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FIRST LOOK

Sandy Rendel completes mews terrace on former builders’ yard in Peckham

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The £560,000 scheme consists of two new-build homes and the extension of an adjoining restaurant

Set on a corner site on the edge of the Holly Grove Conservation Area in Peckham, the two new houses extend the rhythm of the existing terrace. At ground-floor level, the massing steps out with a masonry frame which encloses front courtyard gardens built out to the pavement line.

The main fabric of the new building is constructed from stock brickwork to match adjoining properties. Bespoke precast concrete window lintels and cills provide simple detailing while the perforated metalwork of the window ventilation panels, courtyard screens and terrace balustrade add ornamentation to the scheme.

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Internally, the two houses are simply arranged, with kitchen-dining on the ground floor looking on to courtyard gardens. The larger of the two homes, a two-bedroom dwelling, has bedrooms on the first floor and living space on the second floor accessing a roof terrace. The other, however, is flipped with ensuite bedroom on the second floor and living on the first.

Partly motivated by the close connections of all parties involved, the project aimed to animate this neglected corner of south London, as well as provide a much needed extension to a popular restaurant that sits next to the two new mews houses. Both the clients and architects live on the street and the project was built by a contractor who had previously occupied the builders’ yard – everyone involved had a detailed knowledge of the context.

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Architect’s view

The key challenge was to extract the maximum potential from this shallow, single-aspect and landlocked plot while remaining sympathetic to its context.

The design evolved as a pair of mews-type houses extending the terrace towards Bellenden Road and replicating the scale and rhythm of the adjacent street scene. This becomes less regular in style and detailing towards our plot but is characterised by pairs of either two or three-storey mirrored terraced houses.

Following extended negotiations with the local authority we were able to exploit the established massing of an existing single-storey block previously built out to the pavement line. This volume was redeployed to provide external courtyards and entrances shielded by a masonry frame and decorative metal screens.

Poor ground conditions and a tight site added to the complexity of the build and construction cost, but otherwise it comprises conventional masonry construction with timber floors and roofs. The design of bespoke precast concrete features and simple but carefully considered details maintained a low-cost approach, while retaining the architectural intent.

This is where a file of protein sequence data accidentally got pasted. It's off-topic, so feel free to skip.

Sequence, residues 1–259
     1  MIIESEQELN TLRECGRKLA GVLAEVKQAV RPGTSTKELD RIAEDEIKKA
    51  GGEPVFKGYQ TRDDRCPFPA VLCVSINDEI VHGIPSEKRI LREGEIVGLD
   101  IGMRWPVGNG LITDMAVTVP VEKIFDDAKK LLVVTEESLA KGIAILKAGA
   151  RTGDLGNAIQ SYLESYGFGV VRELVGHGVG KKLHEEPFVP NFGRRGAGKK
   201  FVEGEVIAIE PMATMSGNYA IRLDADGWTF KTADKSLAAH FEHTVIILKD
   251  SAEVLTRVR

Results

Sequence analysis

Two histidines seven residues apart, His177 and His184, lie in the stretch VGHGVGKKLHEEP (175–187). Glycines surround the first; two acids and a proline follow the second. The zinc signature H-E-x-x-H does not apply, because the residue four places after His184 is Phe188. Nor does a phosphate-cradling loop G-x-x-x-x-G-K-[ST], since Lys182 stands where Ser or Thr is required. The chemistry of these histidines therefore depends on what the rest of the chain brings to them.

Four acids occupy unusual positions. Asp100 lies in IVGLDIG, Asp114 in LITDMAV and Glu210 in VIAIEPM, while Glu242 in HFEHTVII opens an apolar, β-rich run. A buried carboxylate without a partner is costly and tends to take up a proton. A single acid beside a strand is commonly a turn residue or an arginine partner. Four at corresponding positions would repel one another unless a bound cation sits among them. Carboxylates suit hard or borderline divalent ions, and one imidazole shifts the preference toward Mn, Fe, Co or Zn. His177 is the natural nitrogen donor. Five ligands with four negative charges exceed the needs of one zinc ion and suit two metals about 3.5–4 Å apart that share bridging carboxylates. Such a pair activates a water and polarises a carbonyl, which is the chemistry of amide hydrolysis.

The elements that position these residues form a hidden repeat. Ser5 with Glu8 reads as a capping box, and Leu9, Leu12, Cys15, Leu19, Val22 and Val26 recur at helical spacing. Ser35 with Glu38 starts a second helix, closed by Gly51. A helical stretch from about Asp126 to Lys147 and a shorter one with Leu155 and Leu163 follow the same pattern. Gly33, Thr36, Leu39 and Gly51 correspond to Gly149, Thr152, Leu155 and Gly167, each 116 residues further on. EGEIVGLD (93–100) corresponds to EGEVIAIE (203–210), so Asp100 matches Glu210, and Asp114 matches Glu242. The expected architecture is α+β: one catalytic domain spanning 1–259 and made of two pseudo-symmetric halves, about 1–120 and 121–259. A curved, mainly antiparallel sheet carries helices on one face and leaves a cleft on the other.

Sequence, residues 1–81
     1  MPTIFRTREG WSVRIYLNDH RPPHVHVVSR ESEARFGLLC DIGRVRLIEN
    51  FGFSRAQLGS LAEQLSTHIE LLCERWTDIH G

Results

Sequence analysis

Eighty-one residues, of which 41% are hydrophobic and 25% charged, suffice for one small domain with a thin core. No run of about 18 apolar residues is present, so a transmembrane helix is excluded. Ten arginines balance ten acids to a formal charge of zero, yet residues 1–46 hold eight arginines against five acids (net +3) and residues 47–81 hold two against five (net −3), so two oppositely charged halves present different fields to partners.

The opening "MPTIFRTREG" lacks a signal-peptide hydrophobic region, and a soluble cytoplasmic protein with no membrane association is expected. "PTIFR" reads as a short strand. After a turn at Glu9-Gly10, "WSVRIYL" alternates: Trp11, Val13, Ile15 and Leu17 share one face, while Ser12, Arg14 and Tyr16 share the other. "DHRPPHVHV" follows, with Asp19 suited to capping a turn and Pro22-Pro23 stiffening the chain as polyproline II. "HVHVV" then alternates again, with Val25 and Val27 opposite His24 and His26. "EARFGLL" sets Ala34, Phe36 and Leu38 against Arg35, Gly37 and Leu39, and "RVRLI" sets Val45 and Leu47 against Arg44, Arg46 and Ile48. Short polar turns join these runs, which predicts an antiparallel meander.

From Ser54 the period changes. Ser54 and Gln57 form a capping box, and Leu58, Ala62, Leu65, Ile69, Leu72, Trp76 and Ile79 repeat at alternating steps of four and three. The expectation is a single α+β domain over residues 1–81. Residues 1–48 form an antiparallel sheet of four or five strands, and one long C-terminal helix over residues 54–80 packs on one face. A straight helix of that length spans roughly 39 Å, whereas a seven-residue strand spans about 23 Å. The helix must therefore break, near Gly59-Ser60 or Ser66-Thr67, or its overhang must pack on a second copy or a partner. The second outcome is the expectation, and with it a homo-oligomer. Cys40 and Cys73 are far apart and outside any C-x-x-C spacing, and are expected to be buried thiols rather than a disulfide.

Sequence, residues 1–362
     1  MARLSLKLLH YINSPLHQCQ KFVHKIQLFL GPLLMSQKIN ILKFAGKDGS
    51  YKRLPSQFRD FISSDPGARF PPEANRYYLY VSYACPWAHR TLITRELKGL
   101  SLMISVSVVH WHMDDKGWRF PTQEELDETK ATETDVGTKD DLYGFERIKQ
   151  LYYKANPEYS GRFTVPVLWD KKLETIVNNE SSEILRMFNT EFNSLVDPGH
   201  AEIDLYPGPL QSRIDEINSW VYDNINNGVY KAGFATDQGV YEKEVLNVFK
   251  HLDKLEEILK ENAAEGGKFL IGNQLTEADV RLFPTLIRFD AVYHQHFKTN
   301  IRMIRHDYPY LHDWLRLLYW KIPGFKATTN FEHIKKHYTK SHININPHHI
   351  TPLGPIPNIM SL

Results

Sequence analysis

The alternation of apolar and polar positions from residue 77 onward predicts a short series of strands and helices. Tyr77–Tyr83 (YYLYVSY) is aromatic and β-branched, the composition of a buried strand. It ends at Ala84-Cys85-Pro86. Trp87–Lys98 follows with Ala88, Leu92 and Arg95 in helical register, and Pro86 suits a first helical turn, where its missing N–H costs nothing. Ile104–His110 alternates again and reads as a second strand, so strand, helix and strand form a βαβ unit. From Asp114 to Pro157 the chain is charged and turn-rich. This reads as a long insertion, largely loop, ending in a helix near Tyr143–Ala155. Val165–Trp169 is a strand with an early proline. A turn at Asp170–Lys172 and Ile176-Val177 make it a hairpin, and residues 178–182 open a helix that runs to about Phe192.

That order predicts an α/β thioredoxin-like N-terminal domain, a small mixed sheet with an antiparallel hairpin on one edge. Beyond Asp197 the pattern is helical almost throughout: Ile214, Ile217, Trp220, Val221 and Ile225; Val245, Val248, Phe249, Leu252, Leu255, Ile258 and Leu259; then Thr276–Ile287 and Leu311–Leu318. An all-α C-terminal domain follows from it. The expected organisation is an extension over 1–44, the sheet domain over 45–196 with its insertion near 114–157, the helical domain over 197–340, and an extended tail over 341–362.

Joe Chilvers, project architect, Sandy Rendel Architects

231 ground floor

Client’s view

Nicky and I have lived on the street for over 20 years. We acquired the corner shop and builder’s yard around the corner from our home a year or two after moving in, with the ambition to provide a small local café for young families. The Begging Bowl restaurant nearby has grown in success along with the local street, and therefore needed to enlarge its tiny kitchen. Therefore, it was time for our builder’s yard to yield up some space. Maurice, our local builder and tenant of the yard long before we owned it, agreed that it was time and we decided to find him new premises to operate from. Sandy (our neighbour) was an obvious choice of architect, and so the brief was set.

The idea was to complete the street with something we all could feel proud to walk past every day with no flashy design shouting out, but a robust couple of mews homes for rent on a tiny plot along with a restaurant kitchen.

Just to make it all the more challenging we wanted Maurice to build himself a home. So, after some 36 months of planning and construction we now have a completed street, happy tenants, a refreshed and enlarged restaurant, and pleased local residents. We have calculated that our investment will take some 15 years to return on capital but the social capital is 100 per cent and immediate!

Guy Forrester and Nicky Chambers, local residents and tenants

231 axo

Project data

Start on site September 2017
Completion January 2019
Gross internal area 177m²
Gross (internal + external) floor area 261m²
Form of contract Intermediate Building Contract with contractor’s design (JCT ICD 2016)
Construction cost £560,000
Construction cost per m² £3,160
Architect Sandy Rendel Architects
Client Guy Forrester and Nicky Chambers
Structural engineer Structure Workshop
Main contractor Total Building Services
Approved building inspector Regional Building Control
CAD software used Vectorworks

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